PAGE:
Featured Research

from universities, journals, and other organizations

Mini generators make energy from random ambient vibrations

Date:
March 24, 2010
Source:
University of Michigan
Summary:
Tiny generators could produce enough electricity from random, ambient vibrations to power a wristwatch, pacemaker or wireless sensor.

Miniature generators (such as the one above next to a typical AA battery), developed at U-M's Engineering Research Center for Wireless Integrated Microsystems, run on the random vibrations all around us.
Credit: Photo by Tzeno Galchev

Tiny generators developed at the University of Michigan could produce enough electricity from random, ambient vibrations to power a wristwatch, pacemaker or wireless sensor.

The energy-harvesting devices, created at U-M's Engineering Research Center for Wireless Integrated Microsystems, are highly efficient at providing renewable electrical power from arbitrary, non-periodic vibrations. This type of vibration is a byproduct of traffic driving on bridges, machinery operating in factories and humans moving their limbs, for example.

The Parametric Frequency Increased Generators (PFIGs) were created by Khalil Najafi, chair of electrical and computer engineering, and Tzeno Galchev, a doctoral student in the same department.

Most similar devices have more limited abilities because they rely on regular, predictable energy sources, said Najafi, who is the Schlumberger Professor of Engineering and also a professor in the Department of Biomedical Engineering.

"The vast majority of environmental kinetic energy surrounding us everyday does not occur in periodic, repeatable patterns. Energy from traffic on a busy street or bridge or in a tunnel, and people walking up and down stairs, for example, cause vibrations that are non-periodic and occur at low frequencies," Najafi said. "Our parametric generators are more efficient in these environments."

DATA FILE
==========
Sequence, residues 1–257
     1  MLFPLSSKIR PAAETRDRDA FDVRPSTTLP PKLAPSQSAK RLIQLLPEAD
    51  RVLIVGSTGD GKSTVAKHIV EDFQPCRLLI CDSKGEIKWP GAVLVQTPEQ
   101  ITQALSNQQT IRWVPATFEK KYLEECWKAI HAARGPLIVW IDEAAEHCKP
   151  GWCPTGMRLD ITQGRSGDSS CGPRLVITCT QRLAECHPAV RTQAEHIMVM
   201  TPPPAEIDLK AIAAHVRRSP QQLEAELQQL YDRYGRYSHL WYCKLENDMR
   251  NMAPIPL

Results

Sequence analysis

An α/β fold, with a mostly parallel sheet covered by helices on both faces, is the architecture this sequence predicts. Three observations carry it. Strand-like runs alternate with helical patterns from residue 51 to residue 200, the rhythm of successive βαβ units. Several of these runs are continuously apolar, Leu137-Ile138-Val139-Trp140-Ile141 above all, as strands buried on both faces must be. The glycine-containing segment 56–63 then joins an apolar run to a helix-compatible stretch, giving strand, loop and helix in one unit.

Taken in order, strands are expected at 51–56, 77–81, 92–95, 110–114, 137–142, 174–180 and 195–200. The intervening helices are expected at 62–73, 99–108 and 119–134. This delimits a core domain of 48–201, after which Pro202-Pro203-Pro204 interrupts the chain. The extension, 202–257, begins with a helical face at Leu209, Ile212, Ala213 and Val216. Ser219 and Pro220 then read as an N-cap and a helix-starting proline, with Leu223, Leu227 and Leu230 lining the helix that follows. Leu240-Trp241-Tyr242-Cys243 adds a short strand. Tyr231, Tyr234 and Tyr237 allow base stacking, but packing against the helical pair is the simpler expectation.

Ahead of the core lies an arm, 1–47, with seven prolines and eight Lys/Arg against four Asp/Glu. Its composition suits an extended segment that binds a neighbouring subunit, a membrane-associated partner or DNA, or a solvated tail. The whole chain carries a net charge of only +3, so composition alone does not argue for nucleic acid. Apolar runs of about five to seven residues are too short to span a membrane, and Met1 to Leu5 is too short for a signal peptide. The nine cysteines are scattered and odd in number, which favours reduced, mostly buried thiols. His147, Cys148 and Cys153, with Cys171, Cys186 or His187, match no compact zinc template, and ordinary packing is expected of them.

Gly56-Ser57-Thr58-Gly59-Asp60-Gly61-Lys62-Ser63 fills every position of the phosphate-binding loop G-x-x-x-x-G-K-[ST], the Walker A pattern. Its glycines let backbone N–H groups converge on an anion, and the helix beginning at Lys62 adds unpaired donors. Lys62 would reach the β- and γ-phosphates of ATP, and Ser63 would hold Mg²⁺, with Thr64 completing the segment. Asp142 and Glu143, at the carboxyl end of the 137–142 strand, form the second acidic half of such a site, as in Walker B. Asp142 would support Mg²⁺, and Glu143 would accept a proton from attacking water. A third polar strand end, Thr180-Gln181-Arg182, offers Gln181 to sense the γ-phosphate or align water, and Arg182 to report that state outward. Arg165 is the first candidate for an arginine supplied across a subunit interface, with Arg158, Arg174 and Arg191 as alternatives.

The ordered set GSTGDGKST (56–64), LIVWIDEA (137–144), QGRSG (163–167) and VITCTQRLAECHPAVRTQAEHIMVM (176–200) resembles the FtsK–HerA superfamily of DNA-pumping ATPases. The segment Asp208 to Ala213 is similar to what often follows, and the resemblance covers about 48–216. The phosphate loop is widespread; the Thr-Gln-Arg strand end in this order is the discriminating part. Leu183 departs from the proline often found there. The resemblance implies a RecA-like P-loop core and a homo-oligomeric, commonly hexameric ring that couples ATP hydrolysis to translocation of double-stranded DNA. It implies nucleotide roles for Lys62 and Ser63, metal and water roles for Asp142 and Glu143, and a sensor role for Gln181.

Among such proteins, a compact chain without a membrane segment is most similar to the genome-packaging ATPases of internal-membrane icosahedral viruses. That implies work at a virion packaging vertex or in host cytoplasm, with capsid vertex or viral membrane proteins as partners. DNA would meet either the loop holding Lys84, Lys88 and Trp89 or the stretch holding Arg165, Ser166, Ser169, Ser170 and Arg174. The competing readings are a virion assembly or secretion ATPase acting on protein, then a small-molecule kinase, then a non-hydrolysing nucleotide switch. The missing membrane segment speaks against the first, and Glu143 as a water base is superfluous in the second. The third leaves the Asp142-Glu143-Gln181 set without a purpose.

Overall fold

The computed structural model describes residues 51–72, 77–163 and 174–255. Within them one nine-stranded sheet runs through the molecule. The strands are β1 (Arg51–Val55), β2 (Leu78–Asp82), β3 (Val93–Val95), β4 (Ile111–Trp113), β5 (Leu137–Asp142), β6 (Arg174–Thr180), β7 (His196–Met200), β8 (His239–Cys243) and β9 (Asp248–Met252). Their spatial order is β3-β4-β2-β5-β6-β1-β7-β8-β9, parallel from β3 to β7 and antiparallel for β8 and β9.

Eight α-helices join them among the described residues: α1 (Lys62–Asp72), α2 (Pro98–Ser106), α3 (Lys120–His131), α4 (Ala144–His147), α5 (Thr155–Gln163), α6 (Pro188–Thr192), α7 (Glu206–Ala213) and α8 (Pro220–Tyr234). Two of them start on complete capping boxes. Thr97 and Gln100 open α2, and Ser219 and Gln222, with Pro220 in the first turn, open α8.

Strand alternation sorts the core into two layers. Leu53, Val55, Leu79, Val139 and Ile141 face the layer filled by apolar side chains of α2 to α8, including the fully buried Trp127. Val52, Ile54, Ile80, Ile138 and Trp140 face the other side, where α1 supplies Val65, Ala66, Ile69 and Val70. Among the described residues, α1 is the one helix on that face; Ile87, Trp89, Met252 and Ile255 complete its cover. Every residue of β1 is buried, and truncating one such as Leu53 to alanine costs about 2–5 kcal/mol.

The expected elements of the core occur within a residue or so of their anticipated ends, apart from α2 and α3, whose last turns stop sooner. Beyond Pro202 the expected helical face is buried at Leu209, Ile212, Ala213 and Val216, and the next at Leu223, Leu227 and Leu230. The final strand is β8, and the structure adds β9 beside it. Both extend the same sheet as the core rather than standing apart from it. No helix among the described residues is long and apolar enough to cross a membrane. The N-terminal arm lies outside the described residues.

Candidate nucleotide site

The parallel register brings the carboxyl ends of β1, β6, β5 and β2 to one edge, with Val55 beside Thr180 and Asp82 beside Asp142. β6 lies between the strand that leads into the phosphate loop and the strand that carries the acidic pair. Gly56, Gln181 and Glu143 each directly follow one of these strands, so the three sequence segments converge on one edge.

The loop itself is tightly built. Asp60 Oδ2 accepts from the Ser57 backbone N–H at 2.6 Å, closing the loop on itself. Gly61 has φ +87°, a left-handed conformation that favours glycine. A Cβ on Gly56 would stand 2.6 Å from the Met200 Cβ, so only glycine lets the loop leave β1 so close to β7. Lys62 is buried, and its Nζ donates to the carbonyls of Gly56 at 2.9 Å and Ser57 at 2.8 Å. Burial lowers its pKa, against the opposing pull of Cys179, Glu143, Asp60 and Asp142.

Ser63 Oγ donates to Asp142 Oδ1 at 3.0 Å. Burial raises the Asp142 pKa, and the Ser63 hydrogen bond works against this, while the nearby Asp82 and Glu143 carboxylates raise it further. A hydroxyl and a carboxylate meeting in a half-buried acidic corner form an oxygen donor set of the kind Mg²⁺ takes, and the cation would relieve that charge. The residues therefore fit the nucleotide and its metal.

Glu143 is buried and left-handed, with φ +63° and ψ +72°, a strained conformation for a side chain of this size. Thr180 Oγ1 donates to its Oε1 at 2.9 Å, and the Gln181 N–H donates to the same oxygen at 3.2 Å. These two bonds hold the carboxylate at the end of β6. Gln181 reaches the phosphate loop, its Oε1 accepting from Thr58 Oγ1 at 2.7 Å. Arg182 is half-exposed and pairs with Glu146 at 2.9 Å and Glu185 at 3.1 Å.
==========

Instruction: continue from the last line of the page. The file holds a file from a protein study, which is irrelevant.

The researchers have built three prototypes and a fourth is forthcoming. In two of the generators, the energy conversion is performed through electromagnetic induction, in which a coil is subjected to a varying magnetic field. This is a process similar to how large-scale generators in big power plants operate.

The latest and smallest device, which measures one cubic centimeter, uses a piezoelectric material, which is a type of material that produces charge when it is stressed. This version has applications in infrastructure health monitoring. The generators could one day power bridge sensors that would warn inspectors of cracks or corrosion before human eyes could discern problems.

The generators have demonstrated that they can produce up to 0.5 milliwatts (or 500 microwatts) from typical vibration amplitudes found on the human body. That's more than enough energy to run a wristwatch, which needs between one and 10 microwatts, or a pacemaker, which needs between 10 and 50. A milliwatt is 1,000 microwatts.

"The ultimate goal is to enable various applications like remote wireless sensors and surgically implanted medical devices," Galchev said. "These are long lifetime applications where it is very costly to replace depleted batteries or, worse, to have to wire the sensors to a power source."

Batteries are often an inefficient way to power the growing array of wireless sensors being created today, Najafi said. Energy scavenging can provide a better option.

"There is a fundamental question that needs to be answered about how to power wireless electronic devices, which are becoming ubiquitous and at the same time very efficient," Najafi said. "There is plenty of energy surrounding these systems in the form of vibrations, heat, solar, and wind."

These generators could also power wireless sensors deployed in buildings to make them more energy efficient, or throughout large public spaces to monitor for toxins or pollutants.

The research is funded by the National Science Foundation, Sandia National Laboratories, and the National Institute of Standards and Technology.